By Heidi Kyser

    Pushkin Kachroo has published 10 books, the first of which was called Feedback Control Theory for Dynamic Traffic Assignment. This might not sound like cozy fireside reading, but it’s a good example of why the UNLV professor of electrical and computer engineering is Las Vegas’ most sought-after intellectual in the realm of transportation. The book tells us (and, more important, our public officials) how to use real-time electronic information to improve the flow of traffic—instantly.

  • Justin Hutson

    By Mike Grimala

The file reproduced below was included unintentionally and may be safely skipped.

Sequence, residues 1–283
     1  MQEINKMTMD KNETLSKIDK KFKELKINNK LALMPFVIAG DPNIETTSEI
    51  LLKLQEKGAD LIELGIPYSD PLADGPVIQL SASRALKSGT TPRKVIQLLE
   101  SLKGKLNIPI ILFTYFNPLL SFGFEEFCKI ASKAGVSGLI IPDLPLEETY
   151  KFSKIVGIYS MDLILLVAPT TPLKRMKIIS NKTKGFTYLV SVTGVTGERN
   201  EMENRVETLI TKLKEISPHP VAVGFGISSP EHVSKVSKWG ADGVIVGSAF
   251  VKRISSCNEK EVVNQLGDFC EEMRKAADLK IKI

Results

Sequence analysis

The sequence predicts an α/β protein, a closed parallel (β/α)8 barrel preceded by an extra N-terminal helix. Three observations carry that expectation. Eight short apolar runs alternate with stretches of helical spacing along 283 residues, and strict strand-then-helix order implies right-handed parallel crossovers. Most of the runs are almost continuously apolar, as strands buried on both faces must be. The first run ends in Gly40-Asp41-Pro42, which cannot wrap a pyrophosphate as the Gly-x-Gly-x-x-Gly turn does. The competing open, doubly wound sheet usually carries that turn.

UNLV associate head basketball coach Justin Hutson is many things—a defensive strategist, a film-room buff, an X’s and O’s mind—but at his core he’s a builder. Hutson’s most publicized role at UNLV is that of the master recruiter, the guy largely responsible for bringing in some of the most talented players Las Vegas has seen since the Rebel glory days of the early 1990s. And in less than two years on the job, Hutson’s haul of high school stars has helped propel the Rebels back into the national spotlight.

  • Jesika Towbin-Mansour

    When Jesika Towbin-Mansour graduated college a decade ago, she had her eye on the jewelry business. She liked diamonds and money, she jokes in hindsight, and wanted to surround herself with them. Despite an internship under her belt and certification just ahead, it never happened, because her dad put a stop to it.